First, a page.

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by Daniel Whedon
COMMENTARY ON THE NEW TESTAMENT.
Intended for Popular Use
By D.D. WHEDON, LL.D.
NEW YORK: NELSON & PHILLIPS.
CINCINNATI: HITCHCOCK & WALDEN.
The great favour with which the first volume of this Commentary was received by the public is a decisive encouragement to the author to give assurance of his full purpose, if life and health he spared, to complete an entire exposition of the New Testament in the same style and proportional extent. The present expectation is to embrace it in four volumes; but that must in some degree be left to what shall appear to be the possibilities of compression. Even if the present writer should fail of his purpose, some competent hand will be selected to complete the work. And, we may add, there is a fair prospect that a Commentary on the Old Testament will be furnished, before a very long period shall close, in uniform size and style with these two volumes; so that the present work may be considered as the commencement of a complete commentary on the whole Bible, to be issued from the Book Rooms of the Methodist Episcopal Church. Such a work, embracing the result of modern scholarship, yet popular in its style and compressed in form, will, it is believed, be accepted by the Church and public as fulfilling in its measure the blessed mission of diffusing God’s word and “spreading scriptural holiness.”
ORIGIN AND MUTUAL RELATIONS OF THE FOUR GOSPELS.
“THE WORD, the artificer of all things, who sits upon the [four] Cherubim, holding together all things, being manifested to men, gave to us the FOUR -formed Gospel, actuated by one spirit.” So said Irenaeus in the middle of century second, reckoning from the Lord’s ascension. Earlier than he, Tatian had formed a Harmony, titled the DIATES-SARON, or Through-the-FOUR. And still earlier than he, Justin Martyr, Tatian’s own teacher, tells us what “the apostles in the memoirs by them which are called GOSPELS,” said. And those Gospels, he tells us, were in his day publicly read as of sole and unique authority in the churches, as the Old Testament was in the synagogues. So that it is beyond rational question, from these and other proofs, that between the death of St. John and the time that Justin wrote, the FOUR GOSPELS had by silent and spontaneous consent of the holy martyr Church arisen to a universal, unquestioned, unrivalled authority. It was not by decrees of councils or any arbitrary authority, but by unanimous catholic concurrence that the evangelic Canon was adopted.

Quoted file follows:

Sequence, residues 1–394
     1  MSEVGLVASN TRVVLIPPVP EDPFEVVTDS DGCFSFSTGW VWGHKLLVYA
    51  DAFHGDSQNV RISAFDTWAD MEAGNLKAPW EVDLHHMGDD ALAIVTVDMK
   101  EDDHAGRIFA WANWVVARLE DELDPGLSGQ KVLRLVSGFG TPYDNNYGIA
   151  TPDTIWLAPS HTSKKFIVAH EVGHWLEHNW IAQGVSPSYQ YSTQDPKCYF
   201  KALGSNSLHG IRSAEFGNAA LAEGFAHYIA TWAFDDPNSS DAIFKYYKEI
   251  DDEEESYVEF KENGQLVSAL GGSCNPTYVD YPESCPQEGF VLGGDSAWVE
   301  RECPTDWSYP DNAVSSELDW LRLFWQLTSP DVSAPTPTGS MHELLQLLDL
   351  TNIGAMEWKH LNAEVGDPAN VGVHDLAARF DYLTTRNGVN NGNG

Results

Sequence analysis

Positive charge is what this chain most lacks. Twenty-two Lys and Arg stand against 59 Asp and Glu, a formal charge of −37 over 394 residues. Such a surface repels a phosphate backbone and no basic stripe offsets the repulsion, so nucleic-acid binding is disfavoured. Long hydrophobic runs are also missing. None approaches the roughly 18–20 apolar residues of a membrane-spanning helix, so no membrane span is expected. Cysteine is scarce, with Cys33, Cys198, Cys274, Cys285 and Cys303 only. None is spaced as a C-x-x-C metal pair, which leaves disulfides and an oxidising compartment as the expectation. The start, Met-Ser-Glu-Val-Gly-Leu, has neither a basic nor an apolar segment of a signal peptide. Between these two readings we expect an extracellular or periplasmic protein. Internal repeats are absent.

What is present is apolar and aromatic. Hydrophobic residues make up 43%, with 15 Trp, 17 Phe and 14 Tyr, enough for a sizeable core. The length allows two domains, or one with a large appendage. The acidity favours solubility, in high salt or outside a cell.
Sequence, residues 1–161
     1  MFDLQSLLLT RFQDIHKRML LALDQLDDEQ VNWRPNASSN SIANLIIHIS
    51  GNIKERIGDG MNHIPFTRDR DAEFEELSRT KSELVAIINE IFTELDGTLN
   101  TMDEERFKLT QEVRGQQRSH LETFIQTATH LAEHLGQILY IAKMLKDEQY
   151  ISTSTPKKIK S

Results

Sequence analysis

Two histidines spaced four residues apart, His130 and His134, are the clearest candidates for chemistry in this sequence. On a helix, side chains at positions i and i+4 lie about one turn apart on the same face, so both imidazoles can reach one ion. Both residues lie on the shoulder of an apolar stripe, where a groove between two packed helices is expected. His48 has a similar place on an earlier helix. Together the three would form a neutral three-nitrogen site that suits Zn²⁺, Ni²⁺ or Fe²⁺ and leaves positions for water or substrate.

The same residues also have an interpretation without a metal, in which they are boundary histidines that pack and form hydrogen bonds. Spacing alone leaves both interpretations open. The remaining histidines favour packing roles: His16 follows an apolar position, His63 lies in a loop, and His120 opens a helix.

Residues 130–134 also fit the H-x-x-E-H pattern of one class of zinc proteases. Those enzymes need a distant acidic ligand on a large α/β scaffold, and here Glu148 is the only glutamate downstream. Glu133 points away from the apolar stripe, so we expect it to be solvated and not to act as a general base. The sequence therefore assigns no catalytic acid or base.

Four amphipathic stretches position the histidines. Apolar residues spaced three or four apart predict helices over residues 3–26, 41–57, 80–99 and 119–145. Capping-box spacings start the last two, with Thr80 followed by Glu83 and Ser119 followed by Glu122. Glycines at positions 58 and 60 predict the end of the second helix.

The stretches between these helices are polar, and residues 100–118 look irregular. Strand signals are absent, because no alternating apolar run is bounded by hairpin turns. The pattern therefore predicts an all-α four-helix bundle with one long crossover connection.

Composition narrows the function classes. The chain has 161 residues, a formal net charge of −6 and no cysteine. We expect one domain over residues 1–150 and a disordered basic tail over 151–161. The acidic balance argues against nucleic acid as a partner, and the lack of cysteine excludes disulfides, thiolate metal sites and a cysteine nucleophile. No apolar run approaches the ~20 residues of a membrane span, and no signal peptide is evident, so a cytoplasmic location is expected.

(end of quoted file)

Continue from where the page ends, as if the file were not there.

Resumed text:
But there was a Gospel, that is, a Gospel-matter, a Gospel-history, before there were the four written Gospel-books.* Our Saviour’s deeds, words, death, and resurrection, being the very essence and substance of the gospels, existed in the minds and memory, in the heart and soul of the living Church with great fulness and completeness before the four evangelists wrote. The twelve apostles had been by Jesus chosen as his eye and ear witnesses; and after his death they were the official rehearsers of the narratives. “Beginning at Jerusalem,” where the works and words of Jesus were well known, endued with power from on high, they repeated the story of Jesus and him crucified. This oral gospel the Church accepted from these first eyewitnesses; and it formed the complete body of the Christian faith. Hearers and spectators would sometimes commit to parchment memoranda of particular sayings, discourses, or doings of Jesus. And these would be of various authenticity, arrangement, and extent. In time more extended and completer, yet imperfect narratives would be composed and come into the possession of many private Christians and most of the Churches. Thus there existed an oral and documentary gospel-matter before the four gospel-books.[* Consult our Notes on Luke 1:1-4.] This living oral gospel had a peculiar power to it during the time when its utterances came from the original inspired apostolic lips, and, though in a less degree, from the reports of those who had heard the apostles. Even after the written gospels had come into existence, and until late toward the close of the second century, a feeling of interest in behalf of the oral tradition over the recorded letter pervaded many hearts. “I do not think,” says Papias, soon after the close of the first century, “that I derived so much benefit from books as from the living voice of those who are still surviving.” His preference was this: “If I met with any one who has been a follower of the elders,” (the apostles and their contemporaries,) “I made it a point to inquire what, were the declarations of the elders; what was said by Andrew, Peter, or Philip; what by Thomas, James, John, Matthew, or any other of the disciples of our Lord; what Aristion (=Luke?) and the presbyter John, disciples of our Lord, relate.” In an age where reading and writing little prevail, such oral traditions are conveyed, by memory, with great accuracy of form. The Jewish succession of Rabbies claimed to transmit by tradition an entire unwritten law without addition or subtraction. Repetition of the same narratives by the same apostolic narrators, often in each others’ hearing, would result in great sameness of expression; and the narrative would finally assume something of a stereotype form. The wonderful deeds and holy words of Jesus, had no writing existed, might have been mentally preserved with great accuracy for more than one generation.